From RSLM to PMQs…
In May 2015, a local Glastonbury resident told me of his concerns about the amount of traffic on the town’s High Street, and his thoughts on the pedestrianisation of the town centre – shortly after, he felt motivated to set up a Facebook group focused on the potential of pedestrianising Glastonbury High Street.
The Facebook group generated a lively debate involving the Mayor, Councillors, over 300 members, and some very strong feelings being posted for and against; it was clear that the subject of pedestrianisation was as contentious in 2015 as it had been 20 years before – when the issue prompted Glastonbury’s first town poll “in living memory”…
Motivated to search for a more positive approach to the wider issues highlighted in the pedestrianisation group posts, a new Facebook group ‘Revitalise Glastonbury!!!’ was set up. In addition, Town Councillors Emma George and Gabriel Avalon volunteered to listen to local businesses on the High Street; using a set of questions that I developed with them based on the RSLM method used by Community Organisers.
Emma and Gabriel listened to the businesses, shops, and traders to find out what was important to them; their concerns and their thoughts about the future of the town. A network of people came together out of this process and formed the basis of a ‘Future of the Town Centre Working Group’; meeting regularly, and contributing to the Town Council’s Promoting Glastonbury forum.
In the autumn of 2015, it was announced that two of Glastonbury’s four High Street banks would be closing their branches and leaving the town before Christmas, and that the other two would also be closing in the spring of 2016; leaving the town stranded without a bank! This prompted members of the Town Centre Working Group to action, and a petition to the Secretary of State for Business, Innovation and Skills, Rt. Hon Sajid Javid MP – the “Last Bank Standing. Don’t let communities lose their only Bank” – was devised by Paul Manning, working with Gabriel Avalon and Kevin Redpath.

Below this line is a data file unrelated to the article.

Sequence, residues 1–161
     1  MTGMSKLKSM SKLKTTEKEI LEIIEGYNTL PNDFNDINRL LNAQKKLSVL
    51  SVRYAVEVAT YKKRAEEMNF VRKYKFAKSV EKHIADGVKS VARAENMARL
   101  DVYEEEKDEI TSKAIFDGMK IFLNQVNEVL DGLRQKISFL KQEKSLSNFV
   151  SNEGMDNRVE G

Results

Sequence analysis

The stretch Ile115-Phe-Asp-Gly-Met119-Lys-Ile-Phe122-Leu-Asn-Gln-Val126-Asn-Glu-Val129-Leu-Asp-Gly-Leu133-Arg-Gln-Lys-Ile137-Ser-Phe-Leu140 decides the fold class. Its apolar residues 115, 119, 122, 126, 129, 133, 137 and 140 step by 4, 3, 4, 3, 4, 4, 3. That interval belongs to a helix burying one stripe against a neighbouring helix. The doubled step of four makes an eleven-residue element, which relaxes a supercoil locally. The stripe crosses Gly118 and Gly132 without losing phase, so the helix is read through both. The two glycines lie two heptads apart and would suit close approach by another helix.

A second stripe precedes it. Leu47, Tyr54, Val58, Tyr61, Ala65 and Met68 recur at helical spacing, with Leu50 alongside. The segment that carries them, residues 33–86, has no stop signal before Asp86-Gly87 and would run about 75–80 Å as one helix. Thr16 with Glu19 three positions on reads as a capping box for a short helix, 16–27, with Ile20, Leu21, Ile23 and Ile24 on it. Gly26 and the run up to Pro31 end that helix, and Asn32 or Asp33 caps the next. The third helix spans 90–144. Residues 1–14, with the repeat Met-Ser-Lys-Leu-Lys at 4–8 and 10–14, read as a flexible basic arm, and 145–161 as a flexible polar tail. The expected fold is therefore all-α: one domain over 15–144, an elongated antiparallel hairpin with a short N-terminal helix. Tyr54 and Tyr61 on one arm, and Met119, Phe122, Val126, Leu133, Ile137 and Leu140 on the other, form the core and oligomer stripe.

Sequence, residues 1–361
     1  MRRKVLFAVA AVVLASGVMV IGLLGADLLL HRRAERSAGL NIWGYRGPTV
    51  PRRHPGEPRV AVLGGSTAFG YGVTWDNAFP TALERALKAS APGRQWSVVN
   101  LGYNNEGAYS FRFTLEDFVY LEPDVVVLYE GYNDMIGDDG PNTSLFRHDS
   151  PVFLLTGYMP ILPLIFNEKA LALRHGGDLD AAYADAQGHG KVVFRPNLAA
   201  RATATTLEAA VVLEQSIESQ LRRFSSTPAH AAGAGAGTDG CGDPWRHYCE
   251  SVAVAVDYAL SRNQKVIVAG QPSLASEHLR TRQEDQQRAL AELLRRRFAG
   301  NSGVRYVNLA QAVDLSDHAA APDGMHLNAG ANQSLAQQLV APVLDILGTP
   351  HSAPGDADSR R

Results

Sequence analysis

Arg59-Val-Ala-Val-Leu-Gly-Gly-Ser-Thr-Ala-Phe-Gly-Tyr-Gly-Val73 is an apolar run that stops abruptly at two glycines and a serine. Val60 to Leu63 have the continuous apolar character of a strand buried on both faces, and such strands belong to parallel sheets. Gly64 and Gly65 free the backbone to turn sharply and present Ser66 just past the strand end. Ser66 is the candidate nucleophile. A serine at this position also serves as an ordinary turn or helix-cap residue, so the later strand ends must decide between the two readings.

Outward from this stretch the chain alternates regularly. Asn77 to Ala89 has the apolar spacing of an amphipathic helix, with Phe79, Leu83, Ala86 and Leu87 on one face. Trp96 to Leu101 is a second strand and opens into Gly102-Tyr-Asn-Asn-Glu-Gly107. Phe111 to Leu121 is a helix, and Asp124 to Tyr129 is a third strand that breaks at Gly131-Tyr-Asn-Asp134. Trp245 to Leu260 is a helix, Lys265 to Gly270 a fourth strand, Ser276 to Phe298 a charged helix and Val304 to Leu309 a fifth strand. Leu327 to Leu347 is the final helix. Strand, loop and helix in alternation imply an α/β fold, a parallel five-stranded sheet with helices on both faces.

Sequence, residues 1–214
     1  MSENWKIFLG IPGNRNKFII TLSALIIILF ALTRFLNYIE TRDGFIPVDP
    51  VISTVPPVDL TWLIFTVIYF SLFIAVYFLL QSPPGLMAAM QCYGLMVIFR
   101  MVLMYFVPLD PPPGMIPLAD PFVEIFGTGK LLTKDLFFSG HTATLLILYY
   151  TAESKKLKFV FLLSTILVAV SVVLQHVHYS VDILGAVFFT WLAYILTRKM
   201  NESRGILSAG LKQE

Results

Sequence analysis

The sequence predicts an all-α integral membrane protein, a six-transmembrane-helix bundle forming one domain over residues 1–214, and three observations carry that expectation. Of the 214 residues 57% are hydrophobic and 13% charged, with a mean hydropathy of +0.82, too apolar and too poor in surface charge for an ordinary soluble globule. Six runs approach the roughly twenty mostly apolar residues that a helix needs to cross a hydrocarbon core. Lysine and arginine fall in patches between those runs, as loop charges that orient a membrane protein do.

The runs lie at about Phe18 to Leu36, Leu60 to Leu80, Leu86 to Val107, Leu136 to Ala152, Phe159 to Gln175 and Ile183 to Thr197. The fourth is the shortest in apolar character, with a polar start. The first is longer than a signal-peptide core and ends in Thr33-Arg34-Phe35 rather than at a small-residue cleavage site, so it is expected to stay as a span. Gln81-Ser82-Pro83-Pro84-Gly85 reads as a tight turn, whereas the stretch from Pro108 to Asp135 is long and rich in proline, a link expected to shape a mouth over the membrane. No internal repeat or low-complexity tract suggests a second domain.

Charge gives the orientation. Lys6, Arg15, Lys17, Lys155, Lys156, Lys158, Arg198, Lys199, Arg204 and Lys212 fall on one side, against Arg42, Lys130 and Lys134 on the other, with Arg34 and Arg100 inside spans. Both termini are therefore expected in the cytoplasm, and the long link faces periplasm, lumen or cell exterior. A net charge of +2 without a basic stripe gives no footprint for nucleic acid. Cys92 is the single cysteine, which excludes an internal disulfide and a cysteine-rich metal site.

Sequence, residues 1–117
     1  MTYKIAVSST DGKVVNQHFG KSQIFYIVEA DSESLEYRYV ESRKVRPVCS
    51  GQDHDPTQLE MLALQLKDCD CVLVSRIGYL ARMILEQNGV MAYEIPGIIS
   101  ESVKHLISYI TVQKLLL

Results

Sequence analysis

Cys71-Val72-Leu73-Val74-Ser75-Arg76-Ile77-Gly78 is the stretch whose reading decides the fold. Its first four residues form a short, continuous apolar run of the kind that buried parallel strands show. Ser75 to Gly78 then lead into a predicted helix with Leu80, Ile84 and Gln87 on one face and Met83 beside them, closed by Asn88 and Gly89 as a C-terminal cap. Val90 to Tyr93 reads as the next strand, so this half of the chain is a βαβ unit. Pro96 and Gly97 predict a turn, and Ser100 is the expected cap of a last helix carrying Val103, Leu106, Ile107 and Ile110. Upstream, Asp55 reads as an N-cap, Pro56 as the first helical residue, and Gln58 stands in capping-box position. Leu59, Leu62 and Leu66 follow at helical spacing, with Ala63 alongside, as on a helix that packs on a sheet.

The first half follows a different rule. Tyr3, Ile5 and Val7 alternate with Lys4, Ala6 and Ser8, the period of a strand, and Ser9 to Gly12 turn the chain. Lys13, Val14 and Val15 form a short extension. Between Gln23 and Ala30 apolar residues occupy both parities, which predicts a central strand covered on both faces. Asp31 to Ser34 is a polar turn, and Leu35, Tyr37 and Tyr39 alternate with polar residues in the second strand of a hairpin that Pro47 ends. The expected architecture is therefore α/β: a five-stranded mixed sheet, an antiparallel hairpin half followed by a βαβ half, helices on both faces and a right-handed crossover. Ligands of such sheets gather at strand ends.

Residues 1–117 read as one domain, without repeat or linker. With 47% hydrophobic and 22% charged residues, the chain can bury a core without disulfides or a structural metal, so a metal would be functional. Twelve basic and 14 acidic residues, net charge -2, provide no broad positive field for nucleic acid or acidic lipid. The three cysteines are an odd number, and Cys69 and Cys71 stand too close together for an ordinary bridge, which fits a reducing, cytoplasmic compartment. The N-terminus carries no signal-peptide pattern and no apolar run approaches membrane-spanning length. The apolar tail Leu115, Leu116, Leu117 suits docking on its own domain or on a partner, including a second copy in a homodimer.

A public meeting was arranged on 16th December 2015; it was extremely well attended, chaired by the Mayor of Glastonbury with both the current and ex-MP taking part. Helping to facilitate this meeting, I took the minutes and, at the end, compiled a list of people who volunteered to form a steering group for the further development of the Last Bank Standing campaign. One of the ideas that came out of this was to hold a Flash Mob protest and attract as much attention as possible.
On Saturday, 9th January 2016 – at midday – the Flash Mob was held in the centre of Glastonbury, with over 500 people gathering to sing a specially rewritten version of ‘Jerusalem’! Conducted by Charles Hazlewood, the crowd was joined by Glastonbury Festival’s Michael Eavis, James Heappey MP, and host of journalists including a film crew from the BBC.
The event was filmed for the campaign by Kevin Redpath and a local camera crew, all providing their services free of charge – the result posted on YouTube:
The protest generated a great deal of publicity – leading the BBC’s local evening news, and making local and national papers.
On 20th January 2016, the Glastonbury bank closures were mentioned during Prime Minister’s Questions in Parliament, when David Cameron said he “would make sure Glastonbury MP James Heappey met Treasury ministers to discuss how his constituency could save three banks faced with the chop in the near future.”
The Last Bank Standing group is currently exploring the possibility of nominating the four closing banks’ buildings on the Assets of Community Value register as part of the Community Rights.
The campaign continues…
DAILY MAIL: Glastonbury festival founder Michael Eavis joins demonstration over bank closures [11th January 2016]